Cranachan is a traditional Scottish dessert that’s very quick and easy to make.
Fresh raspberries are folded into whisky and heather honey spiked whipped cream with crunchy toasted oats. This Scottish Cranachan recipe is simplicity at its finest!
I have a confession to make. Up until quite recently, I have never made Cranachan before. I’ve certainly eaten my fair share in restaurants across Scotland in my life, but I had never made it at home.
This is slightly embarrassing for me to admit, considering I was born and bred in the Highlands of Scotland!
Goodness knows what took me so long, because it really is one of the most delicious and easy desserts around.
The most strenuous task is toasting the oats, which is hardly difficult – you just need to keep a close eye on them so they don’t burn.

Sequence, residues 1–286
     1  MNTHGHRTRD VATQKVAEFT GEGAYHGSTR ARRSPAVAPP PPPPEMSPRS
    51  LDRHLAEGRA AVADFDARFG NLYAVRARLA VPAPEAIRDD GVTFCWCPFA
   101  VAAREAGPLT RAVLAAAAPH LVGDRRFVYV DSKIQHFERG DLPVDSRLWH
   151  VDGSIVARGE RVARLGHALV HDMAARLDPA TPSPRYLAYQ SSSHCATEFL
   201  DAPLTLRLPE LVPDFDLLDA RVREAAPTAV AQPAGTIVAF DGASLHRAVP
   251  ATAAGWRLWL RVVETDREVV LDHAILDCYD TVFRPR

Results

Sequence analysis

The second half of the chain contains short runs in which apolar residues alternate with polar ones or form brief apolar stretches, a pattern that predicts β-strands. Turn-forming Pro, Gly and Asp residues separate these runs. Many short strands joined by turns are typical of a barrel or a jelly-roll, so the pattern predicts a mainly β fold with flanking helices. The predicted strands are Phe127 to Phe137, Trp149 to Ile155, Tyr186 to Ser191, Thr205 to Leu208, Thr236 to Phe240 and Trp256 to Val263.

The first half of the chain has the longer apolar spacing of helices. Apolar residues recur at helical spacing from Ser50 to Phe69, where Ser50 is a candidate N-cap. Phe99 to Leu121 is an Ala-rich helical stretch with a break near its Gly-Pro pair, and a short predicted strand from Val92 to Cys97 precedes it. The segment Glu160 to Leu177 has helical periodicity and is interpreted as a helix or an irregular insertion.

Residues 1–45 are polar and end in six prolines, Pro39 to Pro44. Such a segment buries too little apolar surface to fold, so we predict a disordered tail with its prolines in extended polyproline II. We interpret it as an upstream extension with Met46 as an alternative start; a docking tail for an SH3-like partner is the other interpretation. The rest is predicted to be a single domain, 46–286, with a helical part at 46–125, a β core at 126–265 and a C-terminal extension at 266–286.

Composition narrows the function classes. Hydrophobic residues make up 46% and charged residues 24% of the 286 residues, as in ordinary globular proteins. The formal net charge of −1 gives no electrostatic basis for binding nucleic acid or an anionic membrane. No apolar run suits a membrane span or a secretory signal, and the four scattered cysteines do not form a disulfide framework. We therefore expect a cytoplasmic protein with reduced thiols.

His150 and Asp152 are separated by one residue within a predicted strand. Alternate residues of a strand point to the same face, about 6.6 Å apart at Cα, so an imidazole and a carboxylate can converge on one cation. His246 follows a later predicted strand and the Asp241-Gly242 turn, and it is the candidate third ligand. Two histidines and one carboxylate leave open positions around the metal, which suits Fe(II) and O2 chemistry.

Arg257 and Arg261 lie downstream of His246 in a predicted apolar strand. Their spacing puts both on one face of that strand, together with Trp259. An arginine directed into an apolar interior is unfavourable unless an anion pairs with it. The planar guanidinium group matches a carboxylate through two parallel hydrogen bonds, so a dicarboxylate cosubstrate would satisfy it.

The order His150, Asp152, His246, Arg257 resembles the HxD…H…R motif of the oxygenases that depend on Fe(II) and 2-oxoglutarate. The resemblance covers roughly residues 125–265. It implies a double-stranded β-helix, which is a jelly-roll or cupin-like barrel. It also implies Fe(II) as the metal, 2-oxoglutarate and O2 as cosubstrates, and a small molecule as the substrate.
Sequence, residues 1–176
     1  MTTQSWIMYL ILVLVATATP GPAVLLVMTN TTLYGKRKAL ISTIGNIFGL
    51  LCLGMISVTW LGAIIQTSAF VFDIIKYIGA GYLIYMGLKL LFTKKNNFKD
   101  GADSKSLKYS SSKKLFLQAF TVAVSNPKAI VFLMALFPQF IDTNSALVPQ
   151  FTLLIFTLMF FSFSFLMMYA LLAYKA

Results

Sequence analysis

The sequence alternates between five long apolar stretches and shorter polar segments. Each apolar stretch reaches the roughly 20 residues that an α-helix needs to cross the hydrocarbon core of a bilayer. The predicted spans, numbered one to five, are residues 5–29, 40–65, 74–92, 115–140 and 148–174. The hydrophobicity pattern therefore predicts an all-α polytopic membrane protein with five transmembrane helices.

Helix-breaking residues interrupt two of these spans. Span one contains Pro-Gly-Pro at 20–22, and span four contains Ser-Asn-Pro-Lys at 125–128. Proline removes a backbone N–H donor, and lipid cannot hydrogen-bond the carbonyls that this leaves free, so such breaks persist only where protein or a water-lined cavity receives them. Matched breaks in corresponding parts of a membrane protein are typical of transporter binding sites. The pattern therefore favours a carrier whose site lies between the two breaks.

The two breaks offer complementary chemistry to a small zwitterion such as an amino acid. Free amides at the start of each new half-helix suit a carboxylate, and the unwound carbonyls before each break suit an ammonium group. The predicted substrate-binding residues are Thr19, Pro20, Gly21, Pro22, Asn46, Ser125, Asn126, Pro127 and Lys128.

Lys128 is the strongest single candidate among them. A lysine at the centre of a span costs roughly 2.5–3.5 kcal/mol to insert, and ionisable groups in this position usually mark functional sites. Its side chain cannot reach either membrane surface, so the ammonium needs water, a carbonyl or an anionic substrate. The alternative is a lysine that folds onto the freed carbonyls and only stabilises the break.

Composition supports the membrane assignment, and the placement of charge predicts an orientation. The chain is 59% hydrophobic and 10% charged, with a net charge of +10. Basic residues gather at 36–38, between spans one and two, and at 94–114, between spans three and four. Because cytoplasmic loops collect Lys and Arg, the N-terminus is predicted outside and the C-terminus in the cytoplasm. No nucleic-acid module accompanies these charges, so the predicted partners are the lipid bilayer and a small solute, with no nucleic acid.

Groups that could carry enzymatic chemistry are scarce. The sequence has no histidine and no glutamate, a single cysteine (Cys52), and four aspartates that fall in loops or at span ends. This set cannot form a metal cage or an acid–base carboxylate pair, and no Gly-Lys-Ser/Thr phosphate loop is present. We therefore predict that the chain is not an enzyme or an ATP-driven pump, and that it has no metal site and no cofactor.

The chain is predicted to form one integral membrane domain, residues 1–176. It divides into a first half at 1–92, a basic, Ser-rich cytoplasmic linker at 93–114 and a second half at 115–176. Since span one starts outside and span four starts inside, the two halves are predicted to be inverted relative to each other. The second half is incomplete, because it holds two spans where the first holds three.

what is cranachan?
Cranachan is a traditional Scottish dessert made with Scottish berries, toasted oatmeal and whipped double cream flavoured with Whisky and heather honey.
In the old days, Crowdie (a soft Scottish cheese) would have been used instead of cream. There wasn’t a strict recipe for Cranachan – bowls of freshly picked Summer raspberries, Crowdie and toasted oats were laid out on the table for everyone to help themselves.
Did you know it wasn’t actually served as a dessert? Cranachan was originally served for breakfast!
However, as the years passed it evolved into the popular dessert we all know and love. No wonder it has been referred to as “The King of the Scottish dessert!”
England has Eton Mess, and Scotland has Cranachan. Both simple but fabulous desserts for any special occasion.
how to make SCOTTISH cranachan
toast the oats
- Use a heavy bottomed pan for toasting the oats. It will take about 5-8 minutes for the oats to turn golden. Keep an eye on them – they can burn very, very quickly. When the oats are ready, transfer to a bowl and allow them to cool down.